Who Needs a Will?
Thinking and talking about what you want done with your assets after you die isn’t the most pleasant of subjects, yet it is one of the most important. Often, people completely avoid the subject and their loved ones are left with uncertainty. The bottom line: everyone should have a will.
It is estimated that over one-half of American’s die without a will. What that means is that the state you reside in will decide what happens to your assets or children if you pass without a will in force. The responsible thing to do is to seek an attorney with experience in Estate Planning who will guide you through exactly what type of will or trust suits your finances. But there is more: with the popularity of social media, you’ll need to take into account your internet presence and what you’d like to have done with all of your active accounts.
We’ve gathered some general guidelines from the USA.gov. Your situation may be different and the attorneys in our Douglasville law office will be pleased to work with you to craft the right document that accurately reflects your wishes.
Rules To Remember When Writing A Will
- In most states, you must be 18 years of age or older.
- A will must be written in sound judgment and mental capacity to be valid.
- The document must clearly state that it is your will.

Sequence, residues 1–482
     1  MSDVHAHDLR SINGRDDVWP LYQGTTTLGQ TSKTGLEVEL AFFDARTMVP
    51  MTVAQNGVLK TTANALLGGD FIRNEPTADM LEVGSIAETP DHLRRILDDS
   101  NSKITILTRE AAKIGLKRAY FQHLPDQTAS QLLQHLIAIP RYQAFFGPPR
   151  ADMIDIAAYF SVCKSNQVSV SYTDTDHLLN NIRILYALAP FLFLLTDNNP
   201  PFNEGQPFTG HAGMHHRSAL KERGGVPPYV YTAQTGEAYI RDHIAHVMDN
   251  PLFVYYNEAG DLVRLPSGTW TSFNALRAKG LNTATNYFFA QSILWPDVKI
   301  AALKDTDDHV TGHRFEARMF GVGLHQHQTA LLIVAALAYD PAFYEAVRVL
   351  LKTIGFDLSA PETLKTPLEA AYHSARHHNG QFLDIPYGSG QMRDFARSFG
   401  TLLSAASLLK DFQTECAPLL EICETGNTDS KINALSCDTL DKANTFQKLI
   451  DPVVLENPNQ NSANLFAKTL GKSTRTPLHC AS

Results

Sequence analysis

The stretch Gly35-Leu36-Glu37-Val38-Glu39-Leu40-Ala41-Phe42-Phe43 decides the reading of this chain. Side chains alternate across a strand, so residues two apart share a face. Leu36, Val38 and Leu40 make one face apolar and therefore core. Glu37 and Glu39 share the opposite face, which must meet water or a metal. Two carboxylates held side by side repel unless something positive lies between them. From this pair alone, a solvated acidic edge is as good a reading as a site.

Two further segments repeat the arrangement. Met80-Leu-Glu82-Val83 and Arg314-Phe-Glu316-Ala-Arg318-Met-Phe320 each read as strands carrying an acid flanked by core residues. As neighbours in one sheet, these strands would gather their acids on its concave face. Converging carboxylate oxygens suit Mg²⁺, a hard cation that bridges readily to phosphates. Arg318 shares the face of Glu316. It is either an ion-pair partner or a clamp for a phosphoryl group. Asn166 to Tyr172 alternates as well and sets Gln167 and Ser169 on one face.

- An executor of your will, who ensures your estate is distributed according to your wishes, must be named.
- It is not necessary to notarize or record your will, but these can safeguard against any claims that your will is invalid. To be valid, you must sign a will in the presence of at least two witnesses.
Choose an Executor
An executor is the person who is responsible for settling the estate after death. Duties of an executor include:
- Taking inventory of property and belongings
- Appraising and distributing assets
- Paying taxes
- Settling debts owed by the deceased
Most importantly, the executor is legally obligated to act in the interests of the deceased, following the wishes provided by the will. Again, it could be helpful to consult an attorney to help with the probate process or offer legal guidance. Any person over the age of 18, who hasn’t been convicted of a felony, can be named executor of a will. Some people choose a lawyer, accountant or financial consultant based on their experience. Others choose a spouse, adult child, relative or friend. Since the role of executor can be demanding, it’s often a good idea to ask the person being named in a will if he or she is willing to serve.
If you’ve been named executor in someone’s will but are not able or do not want to serve, you need to file a declination, which is a legal document that declines your designation as an executor. The contingent executor named in the will then assumes responsibility. If no contingent executor is named, the court will appoint one.
As you write your will, you need to decide who you want to inherit your assets to ensure that your possessions are transferred according to your wishes. Primary beneficiaries are your first choice to receive your assets. You should also consider choosing secondary or contingent beneficiaries. If your primary beneficiary dies before you do or does not meet a condition (ex. age) for inheritance, your secondary beneficiaries will receive your assets. Designating a secondary beneficiary can also prevent going through probate, which can be time-consuming and expensive. Use specific names instead of broad categories like “nieces and nephews” when naming beneficiaries in your will.